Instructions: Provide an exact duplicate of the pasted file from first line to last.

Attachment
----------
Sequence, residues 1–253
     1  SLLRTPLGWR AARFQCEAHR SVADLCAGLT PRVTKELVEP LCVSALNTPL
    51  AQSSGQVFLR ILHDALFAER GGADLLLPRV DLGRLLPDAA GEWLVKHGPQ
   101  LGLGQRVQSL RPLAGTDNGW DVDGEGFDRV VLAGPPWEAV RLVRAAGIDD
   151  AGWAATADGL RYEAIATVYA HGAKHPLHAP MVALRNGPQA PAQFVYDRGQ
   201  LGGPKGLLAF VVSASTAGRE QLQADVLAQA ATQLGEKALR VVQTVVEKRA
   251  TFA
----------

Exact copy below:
Sequence, residues 1–253
     1  SLLRTPLGWR AARFQCEAHR SVADLCAGLT PRVTKELVEP LCVSALNTPL
    51  AQSSGQVFLR ILHDALFAER GGADLLLPRV DLGRLLPDAA GEWLVKHGPQ
   101  LGLGQRVQSL RPLAGTDNGW DVDGEGFDRV VLAGPPWEAV RLVRAAGIDD
   151  AGWAATADGL RYEAIATVYA HGAKHPLHAP MVALRNGPQA PAQFVYDRGQ
   201  LGGPKGLLAF VVSASTAGRE QLQADVLAQA ATQLGEKALR VVQTVVEKRA
   251  TFA